She may never know how deep an affirmation this is for me. The book came into being through my vivid dream about the trauma that shatters its hero’s life. Then, like an accompanying mark of closure the week after I finished writing it, I dreamed of the characters in the next stage of their life, after “The End”.

That experience the reader shared is also a reinforcement because in my newest work, The Munich Girl, a character’s dream life is as important a resource for her as every other kind of knowledge. Just as dreams have always been for me. I experienced some inner debate about this when I received feedback that questioned whether it’s of any value to include dreams and their contributions in the novel’s story. I had to remind myself that, for some, dreams have little or no validity in life.

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Image: Cary Enoch / EnochsVision.com

“Dreams are the threads that weave our unconscious wisdom, wishes, knowing and foreknowing into the tapestry of our waking lives,” says Paula Chaffee Scardamalia of The Divining Muse.They often call us to live larger, to be more than we have imagined for ourselves.”

If anything sums up the call pulling at my novel’s protagonist, it is that last sentence of Paula’s.

“Life consists of two journeys: the outward journey of the body through time and space, and an inner journey of the soul,” writes Dave Tomlinson. And stories are one of the most enduring ways that humans reflect and learn on each of those journeys.

“We are, as a species, addicted to story,” says Jonathan Gottschall in The Storytelling Animal: How Stories Make Us Human. “Even when the body goes to sleep, the mind stays up all night, telling itself stories.”

Isn’t it interesting that what we call those nocturnal stories is the same name we give to our most cherished hopes and visions: dreams.

Find more about The Munich Girl at:

http://www.amazon.com/Munich-Girl-Novel-Legacies-Outlast/dp/0996546987/


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The balance creative process offers us

eva-braunSeven years ago, I made a bid on an eBay item that would change my life in ways I couldn’t have imagined at the time. The portrait of Eva Braun had been drawn by an artist who never gained acclaim for his work, though his infamous name is branded on humanity’s history forever. Eva Braun chose to die with him 70 years ago this spring.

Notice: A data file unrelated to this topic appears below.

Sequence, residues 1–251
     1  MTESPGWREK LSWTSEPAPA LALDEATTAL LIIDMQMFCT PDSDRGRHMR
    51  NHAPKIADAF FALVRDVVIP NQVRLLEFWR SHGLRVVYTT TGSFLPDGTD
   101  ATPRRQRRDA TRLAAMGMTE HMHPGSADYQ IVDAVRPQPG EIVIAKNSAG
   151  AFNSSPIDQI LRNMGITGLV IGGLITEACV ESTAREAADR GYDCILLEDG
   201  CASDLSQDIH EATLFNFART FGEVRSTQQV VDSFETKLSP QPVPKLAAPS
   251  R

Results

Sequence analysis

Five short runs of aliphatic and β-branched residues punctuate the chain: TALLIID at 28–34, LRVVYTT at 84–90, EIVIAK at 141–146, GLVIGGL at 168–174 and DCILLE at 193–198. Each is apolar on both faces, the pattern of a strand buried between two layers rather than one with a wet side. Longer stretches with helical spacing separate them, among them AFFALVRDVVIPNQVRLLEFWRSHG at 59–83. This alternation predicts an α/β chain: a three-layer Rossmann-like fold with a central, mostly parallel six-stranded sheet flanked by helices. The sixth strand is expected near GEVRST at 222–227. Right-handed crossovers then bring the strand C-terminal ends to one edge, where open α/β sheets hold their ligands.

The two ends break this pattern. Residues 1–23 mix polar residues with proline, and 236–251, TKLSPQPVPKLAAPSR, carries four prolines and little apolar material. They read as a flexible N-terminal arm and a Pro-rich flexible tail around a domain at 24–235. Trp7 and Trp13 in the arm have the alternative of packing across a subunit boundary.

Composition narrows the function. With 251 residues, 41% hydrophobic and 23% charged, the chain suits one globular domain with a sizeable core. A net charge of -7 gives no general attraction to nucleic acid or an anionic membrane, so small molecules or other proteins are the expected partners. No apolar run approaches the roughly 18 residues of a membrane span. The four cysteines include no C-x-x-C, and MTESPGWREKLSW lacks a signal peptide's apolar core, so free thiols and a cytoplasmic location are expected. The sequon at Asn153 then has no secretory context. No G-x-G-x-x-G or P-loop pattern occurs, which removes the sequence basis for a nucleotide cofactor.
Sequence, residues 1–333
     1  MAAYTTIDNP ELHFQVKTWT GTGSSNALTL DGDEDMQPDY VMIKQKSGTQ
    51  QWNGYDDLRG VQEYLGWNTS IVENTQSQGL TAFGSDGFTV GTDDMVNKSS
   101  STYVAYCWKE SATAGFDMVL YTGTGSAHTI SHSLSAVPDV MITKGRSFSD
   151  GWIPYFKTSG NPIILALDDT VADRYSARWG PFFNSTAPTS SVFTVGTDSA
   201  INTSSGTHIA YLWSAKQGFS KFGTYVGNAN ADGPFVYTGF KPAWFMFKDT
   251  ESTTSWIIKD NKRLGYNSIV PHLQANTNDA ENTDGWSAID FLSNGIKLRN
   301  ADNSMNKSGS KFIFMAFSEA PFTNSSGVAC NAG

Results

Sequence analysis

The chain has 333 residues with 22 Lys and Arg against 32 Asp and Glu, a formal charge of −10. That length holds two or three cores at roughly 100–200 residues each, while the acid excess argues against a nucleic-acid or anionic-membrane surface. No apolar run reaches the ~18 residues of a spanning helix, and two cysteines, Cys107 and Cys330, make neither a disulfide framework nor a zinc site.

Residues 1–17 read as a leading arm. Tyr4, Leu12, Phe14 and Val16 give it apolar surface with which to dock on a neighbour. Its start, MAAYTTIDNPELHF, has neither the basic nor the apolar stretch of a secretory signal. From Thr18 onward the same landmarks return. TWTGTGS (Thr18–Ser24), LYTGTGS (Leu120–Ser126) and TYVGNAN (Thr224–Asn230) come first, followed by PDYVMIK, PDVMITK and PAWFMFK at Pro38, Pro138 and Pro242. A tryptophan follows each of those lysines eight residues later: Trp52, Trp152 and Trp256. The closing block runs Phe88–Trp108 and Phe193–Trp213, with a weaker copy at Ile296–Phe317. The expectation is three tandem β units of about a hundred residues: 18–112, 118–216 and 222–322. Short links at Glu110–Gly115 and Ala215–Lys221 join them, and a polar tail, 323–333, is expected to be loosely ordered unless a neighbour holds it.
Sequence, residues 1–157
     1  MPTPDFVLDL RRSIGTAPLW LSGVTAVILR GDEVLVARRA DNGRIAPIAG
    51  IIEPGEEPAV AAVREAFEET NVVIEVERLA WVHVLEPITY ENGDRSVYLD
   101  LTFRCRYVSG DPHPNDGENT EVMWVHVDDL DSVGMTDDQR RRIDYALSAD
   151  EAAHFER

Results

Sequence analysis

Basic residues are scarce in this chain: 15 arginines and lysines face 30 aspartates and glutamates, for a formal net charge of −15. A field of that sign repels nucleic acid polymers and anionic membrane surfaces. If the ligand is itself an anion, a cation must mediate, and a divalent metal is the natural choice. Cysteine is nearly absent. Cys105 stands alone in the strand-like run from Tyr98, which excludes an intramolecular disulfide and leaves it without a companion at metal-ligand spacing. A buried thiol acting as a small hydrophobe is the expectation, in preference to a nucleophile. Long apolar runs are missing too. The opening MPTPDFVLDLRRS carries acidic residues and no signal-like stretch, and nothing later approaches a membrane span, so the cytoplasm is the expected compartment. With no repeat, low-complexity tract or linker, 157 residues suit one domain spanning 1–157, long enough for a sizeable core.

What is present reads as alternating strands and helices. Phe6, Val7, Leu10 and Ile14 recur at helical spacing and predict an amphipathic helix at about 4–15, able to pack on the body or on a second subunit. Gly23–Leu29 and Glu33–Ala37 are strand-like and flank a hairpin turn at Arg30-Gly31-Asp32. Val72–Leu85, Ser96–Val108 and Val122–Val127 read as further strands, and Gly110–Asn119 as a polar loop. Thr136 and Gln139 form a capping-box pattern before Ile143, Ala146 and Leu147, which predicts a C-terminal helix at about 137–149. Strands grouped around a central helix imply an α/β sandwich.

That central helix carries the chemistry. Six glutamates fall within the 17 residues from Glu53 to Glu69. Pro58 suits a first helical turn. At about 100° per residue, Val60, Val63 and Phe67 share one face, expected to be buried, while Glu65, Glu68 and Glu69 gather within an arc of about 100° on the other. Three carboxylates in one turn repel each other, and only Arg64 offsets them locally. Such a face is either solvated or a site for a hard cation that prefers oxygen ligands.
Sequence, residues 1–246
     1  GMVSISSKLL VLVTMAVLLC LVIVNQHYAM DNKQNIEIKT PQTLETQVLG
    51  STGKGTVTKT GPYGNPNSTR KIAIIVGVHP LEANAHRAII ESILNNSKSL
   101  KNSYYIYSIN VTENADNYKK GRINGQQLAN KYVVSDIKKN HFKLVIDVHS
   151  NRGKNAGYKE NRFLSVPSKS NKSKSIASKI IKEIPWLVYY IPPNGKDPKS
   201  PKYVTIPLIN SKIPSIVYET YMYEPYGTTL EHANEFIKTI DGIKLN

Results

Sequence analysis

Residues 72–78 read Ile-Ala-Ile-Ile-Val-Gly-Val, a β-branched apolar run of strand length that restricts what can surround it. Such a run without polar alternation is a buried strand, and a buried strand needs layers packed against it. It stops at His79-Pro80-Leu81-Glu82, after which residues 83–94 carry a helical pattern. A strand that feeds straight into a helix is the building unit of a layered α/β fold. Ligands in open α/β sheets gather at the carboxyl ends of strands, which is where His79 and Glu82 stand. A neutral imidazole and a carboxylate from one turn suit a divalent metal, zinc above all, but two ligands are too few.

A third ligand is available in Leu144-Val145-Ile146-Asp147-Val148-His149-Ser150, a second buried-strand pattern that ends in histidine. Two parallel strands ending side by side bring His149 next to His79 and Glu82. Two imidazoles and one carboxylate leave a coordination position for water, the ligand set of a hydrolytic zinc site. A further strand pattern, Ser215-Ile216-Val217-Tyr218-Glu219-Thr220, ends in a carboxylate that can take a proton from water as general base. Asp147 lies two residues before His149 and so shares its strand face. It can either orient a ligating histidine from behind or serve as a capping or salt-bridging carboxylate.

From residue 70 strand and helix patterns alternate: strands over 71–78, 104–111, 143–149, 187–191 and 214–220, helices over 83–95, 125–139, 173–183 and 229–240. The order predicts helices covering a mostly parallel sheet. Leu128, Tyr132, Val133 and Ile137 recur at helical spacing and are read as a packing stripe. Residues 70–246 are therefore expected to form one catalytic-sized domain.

I’d been writing for most of my life but had no awareness of the surprising turn that day was launching for my work. That portrait is at the heart of everything that’s become a part of my novel’s story ever since. Among the many things I didn’t yet know was that the experience of this book would show me that, rather than being something I “do”, writing process is something that acts upon me, strengthening a sense of connection with my own wholeness, and with that of others. My role — my responsibility — is to listen and watch for its revelations, rather than impose ideas or plans of my own on what comes forth as a story — or on anything else.

th1Along the way, I’ve been thankful to discover that this is also a kinder and generally more effective approach to living, and it brings with it an unmistakable cycle of three distinct stages. Writer Penney Peirce offers a helpful model of them in her book, The Intuitive Way. She describes how, moving from a centered place of being, where we can receive what comes to meet us there, we are inspired toward doing, and this takes shape in action that eventually leads to a condition of achieving or having.

We may then begin to notice a tailing off, energetically, which is the reminder that it’s time to do what our very cells know they must: rest, recharge, and be restored again to a state of being that’s ready and inspired for the next cycle of expression and activity. Ready to receive, and then express. Cells do not restore themselves after they expend their energy, but are restored by something beyond themselves. Cells seem to know innately the wisdom of returning to their fullest being through the “re-sourcing” of what truly sustains them.

IWay3rdEdMedShad72So often today, the world and the insistence of its demands can make it very easy to get caught in just one segment of this cycle – stuck on a repeating, depleting loop of constantly attempting to do and to have. I hear of so many creative souls collapsing in a kind of disheartened burnout, and I think a misunderstanding of this cycle may be at the heart of that. If we follow the cycle all the way through, we will naturally realize when it is time for replenishment so that we can again be ready to express, expend, and be effective, with joy.

Creative process is as much a matter of balance — of finding a stable stance — as any other meaningful experience. It arises both from within us and without, and requires the fullest kind of trusting attention (i.e. presence), which, in a way, is a repeated act of surrender. And of faith. I know that, for many people, hurling themselves at creative process can follow patterns similar to the ways in which they might hurl themselves at life by trying to force or control things. But life, and creative process, are each waiting for us to meet them, I believe, just as our feelings await this, so that they can help us know and understand what it is we need, and what might come next.

11009861_10153163174884252_7953194271910406762_nThis is not the rational mind’s style, of course. But I’ve come to feel that the mind serves best when it’s not trying to lead, or force, but to follow, as we pursue the things we feel drawn and called to do. When we honor that reality, the things that sustain and help us arrive in ways that will also unfailingly surprise us, because they are beyond anything that our minds, which are confined only to previous experience, could imagine or predict.

When we open up to meeting the greater possibilities of what we don’t yet know, our minds will be repeatedly astonished by what is disarmingly precise,  unfathomably generous, and remarkably right.